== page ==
Interestingly, in a paper published in 2011, Long and Dagogo-Jack found that approximately 75% of adults with DM had concomitant hypertension, and that most patients with hypertension had signs of hyperglycaemia.74 Several studies over recent years have examined both the microvascular and macrovascular complications related to hypertension and DM, which are interconnected in the vast majority of cases. Many randomized trials in the literature have revealed that optimization of blood pressure has significant cardioprotective advantages, especially in patients with DM. Thus, efforts have focused on the therapeutic management of both diseases, emphasizing pharmacological and lifestyle modifications.74

Contrary to the 2013 guidelines, the updated 2019 guidelines do not include a blood pressure target of <140/85 mmHg for all patients; instead, more individualized blood pressure targets are now recommended.72 The systolic blood pressure target is now 130 mmHg and <130 mmHg if well tolerated, but not <120 mmHg. Moreover, in patients with diabetes aged >65 years, the systolic blood pressure target should range between 130 and 139 mmHg. The suggested target for diastolic blood pressure is <80 mmHg, but not <70 mmHg.72

The 2019 ESC/EASD guidelines reclassified patients with diabetes into moderate, high and very high CVD risk compared with the previous guidelines, which referred to primary and secondary prevention. More specifically, young patients with DM (patients with T1DM, aged <35 years or patients with T2DM, aged <50 years) with disease duration <10 years, without other risk factors, are classified as moderate risk. Patients at high risk for CVD are considered to be those with DM for ≥10 years without target organ damage plus any other additional risk factor. Finally, patients with DM and established CVD, other target organ damage, three or more major risk factors or early-onset T1DM of >20 years are stratified as very high risk according to the ESC SCORE charts.74 Other revised recommendations include that lifestyle changes should be considered as a primary prevention approach for all patients.19,74

Various studies have examined the crucial role of lifestyle interventions in the treatment of prediabetes and the prevention of CV complications in patients with T2DM.71 First, caloric intake reduction is recommended to lower the excess body weight in patients with T2DM. Several publications have shown the benefits of a low caloric intake diet in HbA1 reduction and improved quality of life. Thus, a Mediterranean diet with olive oil and nuts is suggested. Another lifestyle intervention of high importance is the induction of moderate-to-vigorous physical activity of ≥150 min/week for the management of DM.19 As a result, all current publications point out the importance of optimizing and controlling blood glucose levels, lipid profile and blood pressure, especially in patients with T2DM and presence of CV risk factors. Thus, the prevention of disease progression and improvement of clinical outcomes can be achieved by managing the risk factors responsible for most complications.74


The guidelines for managing the CV risk in patients with DM have been revised. They include many aspects of disease management, including lifestyle modifications, control of glycaemia, lipid profile and blood pressure.75 It is well known that T2DM, along with hypertension, obesity and metabolic dysregulations, contribute significantly to the development and progression of both CVD and renal dysfunction.11 Regardless of the clinical application of these recommendations, the problem of controlling the progression of CRS in patients with diabetes remains.75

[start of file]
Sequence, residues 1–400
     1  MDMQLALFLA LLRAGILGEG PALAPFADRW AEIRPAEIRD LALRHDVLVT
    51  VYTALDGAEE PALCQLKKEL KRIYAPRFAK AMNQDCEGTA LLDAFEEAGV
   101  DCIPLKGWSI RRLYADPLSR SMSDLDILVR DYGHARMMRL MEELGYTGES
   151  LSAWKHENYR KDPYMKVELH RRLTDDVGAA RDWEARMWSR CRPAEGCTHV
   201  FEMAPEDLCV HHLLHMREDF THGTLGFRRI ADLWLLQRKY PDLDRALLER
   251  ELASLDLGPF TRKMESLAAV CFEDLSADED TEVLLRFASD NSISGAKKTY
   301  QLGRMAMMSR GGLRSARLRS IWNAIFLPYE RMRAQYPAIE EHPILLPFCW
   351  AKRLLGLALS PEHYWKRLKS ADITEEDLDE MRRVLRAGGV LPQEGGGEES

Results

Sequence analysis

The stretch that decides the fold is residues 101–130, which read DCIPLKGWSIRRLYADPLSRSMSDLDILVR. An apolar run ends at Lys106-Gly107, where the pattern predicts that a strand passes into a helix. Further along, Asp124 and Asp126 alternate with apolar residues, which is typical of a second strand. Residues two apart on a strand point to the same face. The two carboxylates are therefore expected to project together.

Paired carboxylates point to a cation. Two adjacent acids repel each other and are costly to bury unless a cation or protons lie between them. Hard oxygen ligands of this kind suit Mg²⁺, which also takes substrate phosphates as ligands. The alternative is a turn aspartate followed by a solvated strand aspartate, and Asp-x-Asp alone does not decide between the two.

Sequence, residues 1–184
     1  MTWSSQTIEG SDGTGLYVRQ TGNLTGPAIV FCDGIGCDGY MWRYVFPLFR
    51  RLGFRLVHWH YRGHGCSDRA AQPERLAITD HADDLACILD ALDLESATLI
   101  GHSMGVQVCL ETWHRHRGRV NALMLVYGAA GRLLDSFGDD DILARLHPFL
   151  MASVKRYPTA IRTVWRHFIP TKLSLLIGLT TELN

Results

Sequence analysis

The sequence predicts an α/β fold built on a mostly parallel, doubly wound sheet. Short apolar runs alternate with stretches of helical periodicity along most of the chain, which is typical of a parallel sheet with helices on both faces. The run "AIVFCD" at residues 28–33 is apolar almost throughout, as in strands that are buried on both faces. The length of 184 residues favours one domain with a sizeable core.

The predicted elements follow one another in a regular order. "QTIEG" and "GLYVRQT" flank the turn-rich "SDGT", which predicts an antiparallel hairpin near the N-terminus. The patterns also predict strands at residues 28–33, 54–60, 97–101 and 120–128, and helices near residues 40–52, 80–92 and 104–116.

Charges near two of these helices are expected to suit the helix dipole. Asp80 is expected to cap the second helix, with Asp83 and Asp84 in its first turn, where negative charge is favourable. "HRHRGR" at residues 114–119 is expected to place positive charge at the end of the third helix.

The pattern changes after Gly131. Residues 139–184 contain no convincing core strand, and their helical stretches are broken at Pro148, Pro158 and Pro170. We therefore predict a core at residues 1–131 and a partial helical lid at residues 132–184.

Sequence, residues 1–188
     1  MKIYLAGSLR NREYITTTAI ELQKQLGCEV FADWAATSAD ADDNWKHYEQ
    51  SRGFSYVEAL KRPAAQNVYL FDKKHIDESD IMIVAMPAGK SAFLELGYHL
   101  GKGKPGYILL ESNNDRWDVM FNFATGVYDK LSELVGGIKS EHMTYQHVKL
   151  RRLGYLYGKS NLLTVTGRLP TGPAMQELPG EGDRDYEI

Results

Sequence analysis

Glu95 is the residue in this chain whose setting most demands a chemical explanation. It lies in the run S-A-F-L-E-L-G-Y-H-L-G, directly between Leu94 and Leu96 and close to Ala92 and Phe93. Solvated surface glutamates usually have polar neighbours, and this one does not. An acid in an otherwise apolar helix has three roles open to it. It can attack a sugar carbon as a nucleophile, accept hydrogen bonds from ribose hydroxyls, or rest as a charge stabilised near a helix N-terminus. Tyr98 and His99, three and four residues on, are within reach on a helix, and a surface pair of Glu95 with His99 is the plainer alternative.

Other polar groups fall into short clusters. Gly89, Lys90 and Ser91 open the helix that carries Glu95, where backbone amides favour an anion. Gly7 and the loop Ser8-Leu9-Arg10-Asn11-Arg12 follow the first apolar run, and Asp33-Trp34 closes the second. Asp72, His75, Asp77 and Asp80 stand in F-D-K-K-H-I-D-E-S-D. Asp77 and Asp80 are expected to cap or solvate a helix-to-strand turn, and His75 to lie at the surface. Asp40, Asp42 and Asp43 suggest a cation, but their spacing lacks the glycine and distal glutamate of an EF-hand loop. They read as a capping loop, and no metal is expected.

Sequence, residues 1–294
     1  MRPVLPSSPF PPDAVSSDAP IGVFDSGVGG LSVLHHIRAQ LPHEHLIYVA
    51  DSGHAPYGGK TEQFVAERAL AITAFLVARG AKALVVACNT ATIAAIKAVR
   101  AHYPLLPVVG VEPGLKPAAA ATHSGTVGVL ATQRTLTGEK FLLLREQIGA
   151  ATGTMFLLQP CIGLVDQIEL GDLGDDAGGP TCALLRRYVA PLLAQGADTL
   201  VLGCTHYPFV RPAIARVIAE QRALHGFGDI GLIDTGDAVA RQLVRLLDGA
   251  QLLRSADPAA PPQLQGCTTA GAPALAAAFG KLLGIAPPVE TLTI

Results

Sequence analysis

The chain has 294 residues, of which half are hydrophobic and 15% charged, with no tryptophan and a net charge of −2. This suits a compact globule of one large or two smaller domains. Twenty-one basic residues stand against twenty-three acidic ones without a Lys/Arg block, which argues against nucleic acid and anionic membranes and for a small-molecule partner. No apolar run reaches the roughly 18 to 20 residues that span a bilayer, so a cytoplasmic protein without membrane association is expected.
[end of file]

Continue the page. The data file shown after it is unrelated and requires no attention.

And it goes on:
Several recent CVOTs have examined the effects of glucose-lowering drugs on the CV and renal systems. Results of these studies revealed that these drugs, as well as their antidiabetic action, have a significant benefit to both CV and renal outcomes when prescribed to patients with DM. Additionally, another important reason to study novel actions of hypoglycaemic agents has been the unsatisfactory and inadequate regulation of glycaemia, proteinuria and blood pressure levels in the diabetic population.75 Thus, the investigation and development of antidiabetic drugs with favourable cardiorenal outcomes are crucial. Interestingly, numerous CVOTs have investigated the role of three new categories of glucose-lowering agents, including SGLT-2 inhibitors, GLP‐1 receptor agonists and DPP-4 inhibitors. The results showed that these drugs present diverse cardiorenal effects. However, the pleiotropic effects and the safety of these recent hypoglycaemic drugs should be further explored.15

Article Information:

Dimitrios G Chatzis, Konstantinos Kolokathis, Kalliopi Magounaki, Stefanos Chatzidakis, Konstantinos Avramidis, Marianna Leopoulou, Theodoros P Angelopoulos and John Doupis have no financial or non-financial relationships or activities to declare in relation to this article.

Compliance With Ethics

This study involves a review of the literature and did not involve any studies with human or animal subjects performed by any of the authors.

Review Process

Double-blind peer review.


The named authors meet the International Committee of Medical Journal Editors (ICMJE) criteria for authorship of this manuscript, take responsibility for the integrity of the work as a whole and have given final approval for the version to be published.


John Doupis, Department of Internal Medicine and Diabetes, Salamis Naval and Veterans Hospital, Salamis Naval Base, 18900, Salamis, Attiki, Greece. E:


No funding was received for the publication of this article.


This article is freely accessible at © Touch Medical Media 2021